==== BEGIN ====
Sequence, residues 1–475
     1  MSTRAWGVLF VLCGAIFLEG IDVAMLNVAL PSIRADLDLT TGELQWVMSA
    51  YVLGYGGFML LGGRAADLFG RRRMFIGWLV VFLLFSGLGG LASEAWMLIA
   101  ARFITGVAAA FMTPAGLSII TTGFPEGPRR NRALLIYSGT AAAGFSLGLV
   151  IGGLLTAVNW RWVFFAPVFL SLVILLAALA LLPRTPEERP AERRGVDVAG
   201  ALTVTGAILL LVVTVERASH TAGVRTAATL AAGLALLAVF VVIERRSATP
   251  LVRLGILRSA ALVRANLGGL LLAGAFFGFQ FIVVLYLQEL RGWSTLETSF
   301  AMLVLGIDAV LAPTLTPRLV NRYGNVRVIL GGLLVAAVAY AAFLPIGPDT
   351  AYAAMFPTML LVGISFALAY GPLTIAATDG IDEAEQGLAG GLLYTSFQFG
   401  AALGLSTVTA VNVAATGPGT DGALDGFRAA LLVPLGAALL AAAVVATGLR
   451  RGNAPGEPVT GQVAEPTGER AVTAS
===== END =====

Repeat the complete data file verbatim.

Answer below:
Sequence, residues 1–475
     1  MSTRAWGVLF VLCGAIFLEG IDVAMLNVAL PSIRADLDLT TGELQWVMSA
    51  YVLGYGGFML LGGRAADLFG RRRMFIGWLV VFLLFSGLGG LASEAWMLIA
   101  ARFITGVAAA FMTPAGLSII TTGFPEGPRR NRALLIYSGT AAAGFSLGLV
   151  IGGLLTAVNW RWVFFAPVFL SLVILLAALA LLPRTPEERP AERRGVDVAG
   201  ALTVTGAILL LVVTVERASH TAGVRTAATL AAGLALLAVF VVIERRSATP
   251  LVRLGILRSA ALVRANLGGL LLAGAFFGFQ FIVVLYLQEL RGWSTLETSF
   301  AMLVLGIDAV LAPTLTPRLV NRYGNVRVIL GGLLVAAVAY AAFLPIGPDT
   351  AYAAMFPTML LVGISFALAY GPLTIAATDG IDEAEQGLAG GLLYTSFQFG
   401  AALGLSTVTA VNVAATGPGT DGALDGFRAA LLVPLGAALL AAAVVATGLR
   451  RGNAPGEPVT GQVAEPTGER AVTAS